The “Spirit of Warm Springs” legend sprang from the aftermath of battles between the native peoples and European explorers. As wounded warriors from both sides found respite in the healing waters, a spirit of peace between adversaries was embraced. Although there is no archaeological evidence to support this story, there is no doubt of the peaceful atmosphere surrounding these warm springs.

In the state land lotteries of 1827, five new counties were created in the region, one of which was Meriwether, named for Revolutionary War Brigadier General, later Representative David Meriwether (b. 1755, Virginia, d. 1822, near Athens, Georgia).

Settlement began immediately after Meriwether County was created. Warm Springs was incorporated with three commissioners. David C. Rose, Joseph Andrews, and Charles Harris were to “oversee the well being of its inhabitants and visitors.” Rose acquired the warm springs in 1832 and began development.  He constructed larger buildings that were offered as lodging and could sufficiently handle two hundred guests.  In 1844, ownership of the resort changed hands to Colonel Seymour Bonner. He further developed the property, enticing more people to build their summer homes at the springs. With improved lodging, more visitors sought out the cool breezes of Pine Mountain.  Hotel registers dating back to the 1840s list the names of Henry Clay, John C. Calhoun, and other prominent statesmen of that period who lodged at Warm Springs.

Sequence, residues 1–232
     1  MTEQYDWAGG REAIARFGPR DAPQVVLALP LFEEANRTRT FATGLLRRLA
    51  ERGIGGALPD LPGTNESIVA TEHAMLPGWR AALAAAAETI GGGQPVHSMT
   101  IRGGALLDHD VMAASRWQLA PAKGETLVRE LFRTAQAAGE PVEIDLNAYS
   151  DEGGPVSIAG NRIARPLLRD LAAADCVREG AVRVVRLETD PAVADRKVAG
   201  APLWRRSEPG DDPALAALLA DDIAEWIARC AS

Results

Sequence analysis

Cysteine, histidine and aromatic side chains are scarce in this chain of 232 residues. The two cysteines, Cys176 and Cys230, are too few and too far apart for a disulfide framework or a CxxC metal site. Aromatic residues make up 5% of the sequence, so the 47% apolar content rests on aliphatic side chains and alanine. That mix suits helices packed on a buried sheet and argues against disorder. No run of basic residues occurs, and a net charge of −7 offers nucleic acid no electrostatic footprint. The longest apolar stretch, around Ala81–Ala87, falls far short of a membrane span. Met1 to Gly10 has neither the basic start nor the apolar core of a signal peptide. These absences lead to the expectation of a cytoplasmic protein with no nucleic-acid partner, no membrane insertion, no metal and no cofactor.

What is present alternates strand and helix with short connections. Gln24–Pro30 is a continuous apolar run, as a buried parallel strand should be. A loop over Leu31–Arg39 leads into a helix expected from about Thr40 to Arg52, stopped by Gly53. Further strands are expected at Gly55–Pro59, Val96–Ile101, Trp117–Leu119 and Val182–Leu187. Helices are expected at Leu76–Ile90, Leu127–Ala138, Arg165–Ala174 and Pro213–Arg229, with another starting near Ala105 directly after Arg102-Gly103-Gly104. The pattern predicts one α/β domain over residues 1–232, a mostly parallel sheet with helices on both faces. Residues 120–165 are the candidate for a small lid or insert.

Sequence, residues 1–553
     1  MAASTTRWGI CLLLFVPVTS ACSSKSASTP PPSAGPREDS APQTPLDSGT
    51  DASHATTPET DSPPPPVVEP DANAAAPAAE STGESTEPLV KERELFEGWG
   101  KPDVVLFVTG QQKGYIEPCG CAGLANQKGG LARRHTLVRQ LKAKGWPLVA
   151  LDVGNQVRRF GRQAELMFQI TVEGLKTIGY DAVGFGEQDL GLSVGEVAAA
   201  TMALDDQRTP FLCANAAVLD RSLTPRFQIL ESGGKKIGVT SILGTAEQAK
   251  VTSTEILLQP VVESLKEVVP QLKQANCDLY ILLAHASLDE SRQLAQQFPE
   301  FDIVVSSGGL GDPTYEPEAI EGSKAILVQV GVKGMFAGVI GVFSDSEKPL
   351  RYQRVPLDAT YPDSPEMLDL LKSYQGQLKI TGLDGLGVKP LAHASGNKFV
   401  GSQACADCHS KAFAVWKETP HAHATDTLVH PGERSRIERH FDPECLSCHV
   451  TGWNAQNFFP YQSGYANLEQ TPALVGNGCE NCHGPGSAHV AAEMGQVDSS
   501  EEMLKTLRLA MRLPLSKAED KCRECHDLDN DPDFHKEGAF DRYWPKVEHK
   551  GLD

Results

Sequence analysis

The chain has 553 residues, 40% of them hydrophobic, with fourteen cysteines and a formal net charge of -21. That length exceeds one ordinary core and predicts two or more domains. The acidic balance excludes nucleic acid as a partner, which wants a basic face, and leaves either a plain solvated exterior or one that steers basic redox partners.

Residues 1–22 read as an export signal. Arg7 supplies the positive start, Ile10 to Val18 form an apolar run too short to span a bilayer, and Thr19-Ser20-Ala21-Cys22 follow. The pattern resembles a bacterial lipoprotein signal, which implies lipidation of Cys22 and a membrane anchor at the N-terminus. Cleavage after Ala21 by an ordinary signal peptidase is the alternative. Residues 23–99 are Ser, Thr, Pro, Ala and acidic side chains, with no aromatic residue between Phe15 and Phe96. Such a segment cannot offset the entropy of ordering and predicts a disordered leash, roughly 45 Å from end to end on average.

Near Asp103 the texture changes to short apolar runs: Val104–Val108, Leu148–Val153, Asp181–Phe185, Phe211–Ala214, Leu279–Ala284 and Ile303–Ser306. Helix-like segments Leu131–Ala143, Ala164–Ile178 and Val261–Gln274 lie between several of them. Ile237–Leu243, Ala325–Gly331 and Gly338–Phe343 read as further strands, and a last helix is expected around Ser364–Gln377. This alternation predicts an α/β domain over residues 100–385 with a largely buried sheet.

In 1848, John L. Mustain acquired the springs. Having a vested interest in the stagecoach line, he provided travelers with ease of transportation to the springs and further developed the property to accommodate three hundred guests. The area was spared from the burning rampages by Sherman’s and Sheridan’s soldiers across Georgia in 1864 and 1865, but sadly the original hotel burned in 1869. The chore of rebuilding fell upon his grandson, Charles Davis, who took over the property in 1874.  He oversaw the building of a larger hotel, added more cottages, and built six 10×10 masonry chambers for bathing.

Davis built the elaborate Meriwether Inn in 1893. This Victorian-styled three-story inn boasted electric lighting, sanitary sewage, and 120 rooms. Combined with the adjoining cottages, the resort could accommodate 250 guests. Travel literature from the era states the resort was gaining favor as “a gathering place for politicians and public men of prominence.” One enhancement was the addition of two new 15×45 enclosed pools, one for men and one for women.